Our intent for the Computing curriculum here at Langrish is not merely to teach children how to use individual programs, devices and packages, but to empower them with the Computational Thinking skills required in order to thrive in an ever-evolving digital world.
By focusing on these Computational Thinking skills, we intend to give children the opportunity to master familiar applications, as well as the confidence to venture into new and unfamiliar digital territory. They will also gain the ability to apply these same skills across the curriculum, as well as when solving real-world problems.
The three strands of Digital Literacy, Information Technology and Computer Science weave themselves throughout the curriculum, ensuring that we cover all the skills and knowledge the children require, as well as giving them plenty of opportunity to be creative, collaborative and experimental.
At Langrish, our approach to Computing mirrors our cross-curricular aim of developing respectful, confident and resilient children, capable of dealing with whatever challenges their futures as 21st century digital citizens may present. We encourage Computational Thinking skills, enabling children to be creative, curious and experimental; design and debug algorithms; and use logic to break down and solve a range of problems - skills they continue to practise across the curriculum, particularly in Maths and Science. Practical, hands-on learning is encouraged across the school, from floor robots in KS1 to BBC Micro:Bits in KS2, and “unplugged” activities take Computing lessons away from computer screens and into a range of environments. Through Computing, PSHE and events such as Safer Internet Day and Anti-Bullying Week, we also ensure that children know the importance of using technology safely and respectfully, leaving them prepared for the possible pitfalls of an increasingly connected world, but excited by the infinite opportunities it has to offer.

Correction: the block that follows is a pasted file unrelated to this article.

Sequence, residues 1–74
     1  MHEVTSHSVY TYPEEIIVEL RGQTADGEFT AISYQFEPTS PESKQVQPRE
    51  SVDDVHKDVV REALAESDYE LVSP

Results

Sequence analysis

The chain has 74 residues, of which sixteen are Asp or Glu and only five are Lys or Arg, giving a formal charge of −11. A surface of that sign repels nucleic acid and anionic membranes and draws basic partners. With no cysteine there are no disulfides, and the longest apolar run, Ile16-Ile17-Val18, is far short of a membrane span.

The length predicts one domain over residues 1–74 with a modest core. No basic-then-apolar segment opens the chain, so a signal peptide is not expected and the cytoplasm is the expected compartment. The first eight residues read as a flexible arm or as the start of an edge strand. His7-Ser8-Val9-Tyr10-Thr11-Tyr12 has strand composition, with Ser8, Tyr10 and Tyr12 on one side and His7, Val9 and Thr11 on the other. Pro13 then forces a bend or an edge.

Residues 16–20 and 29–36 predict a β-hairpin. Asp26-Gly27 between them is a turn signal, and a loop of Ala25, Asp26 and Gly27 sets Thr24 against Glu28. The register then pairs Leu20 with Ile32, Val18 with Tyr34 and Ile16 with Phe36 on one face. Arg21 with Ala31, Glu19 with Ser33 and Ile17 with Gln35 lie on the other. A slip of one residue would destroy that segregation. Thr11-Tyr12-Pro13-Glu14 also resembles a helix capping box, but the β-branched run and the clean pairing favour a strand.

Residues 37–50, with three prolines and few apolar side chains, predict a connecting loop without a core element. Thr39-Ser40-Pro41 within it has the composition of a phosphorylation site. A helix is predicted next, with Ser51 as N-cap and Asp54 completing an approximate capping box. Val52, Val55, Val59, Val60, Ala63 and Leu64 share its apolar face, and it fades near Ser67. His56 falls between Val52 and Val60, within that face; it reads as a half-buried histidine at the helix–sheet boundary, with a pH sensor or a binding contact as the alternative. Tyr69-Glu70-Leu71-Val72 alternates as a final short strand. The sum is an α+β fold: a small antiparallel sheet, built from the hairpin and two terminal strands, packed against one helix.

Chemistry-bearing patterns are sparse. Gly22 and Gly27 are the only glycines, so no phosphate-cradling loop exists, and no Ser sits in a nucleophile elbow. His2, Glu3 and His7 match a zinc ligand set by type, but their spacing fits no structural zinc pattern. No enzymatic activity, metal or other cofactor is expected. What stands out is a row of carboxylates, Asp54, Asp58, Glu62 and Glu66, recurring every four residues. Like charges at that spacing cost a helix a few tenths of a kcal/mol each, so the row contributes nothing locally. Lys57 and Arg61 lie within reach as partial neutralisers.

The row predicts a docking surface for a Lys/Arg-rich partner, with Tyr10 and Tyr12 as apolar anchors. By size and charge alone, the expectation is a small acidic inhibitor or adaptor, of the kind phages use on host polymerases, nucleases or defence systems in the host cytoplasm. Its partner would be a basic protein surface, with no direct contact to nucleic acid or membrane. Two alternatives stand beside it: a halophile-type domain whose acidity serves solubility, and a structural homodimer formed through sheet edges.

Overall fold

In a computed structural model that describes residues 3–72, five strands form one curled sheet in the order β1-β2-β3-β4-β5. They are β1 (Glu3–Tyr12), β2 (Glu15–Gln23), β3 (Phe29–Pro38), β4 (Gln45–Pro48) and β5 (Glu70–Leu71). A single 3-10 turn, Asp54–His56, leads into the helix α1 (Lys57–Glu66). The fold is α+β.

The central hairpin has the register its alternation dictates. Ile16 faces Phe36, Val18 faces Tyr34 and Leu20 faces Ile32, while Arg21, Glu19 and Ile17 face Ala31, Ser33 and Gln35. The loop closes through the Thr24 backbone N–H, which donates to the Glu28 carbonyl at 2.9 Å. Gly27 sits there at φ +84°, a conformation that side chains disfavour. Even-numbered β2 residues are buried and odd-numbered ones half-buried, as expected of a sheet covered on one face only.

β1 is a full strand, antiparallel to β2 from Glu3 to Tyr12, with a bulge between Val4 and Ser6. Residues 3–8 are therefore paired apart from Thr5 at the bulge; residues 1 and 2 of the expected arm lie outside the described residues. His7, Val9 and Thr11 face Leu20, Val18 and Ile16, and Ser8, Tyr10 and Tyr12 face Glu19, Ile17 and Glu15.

Children leave Langrish having used computers to create and manipulate digital content; store, organise and manage data; and present ideas based on their own ideas, learning and interests. They have the confidence and resilience to try new things, and understand the importance of using technology safely, responsibly and respectfully. They can use technology to be creative and collaborative, and can apply the Computational Thinking skills they have learnt to all aspects of their lives, making them kind, considerate and confident Digital Citizens.
At a Glance: Our Sequence of Learning and Progression of Skills
The tables below give an at-a-glance overview of our sequence of learning and progression of skills. The document ‘Computing Sequence and Progression Document’ attached to the bottom of this page contains more detail on each year group’s learning, from EYFS all the way up to Year 6.
Computing in EYFS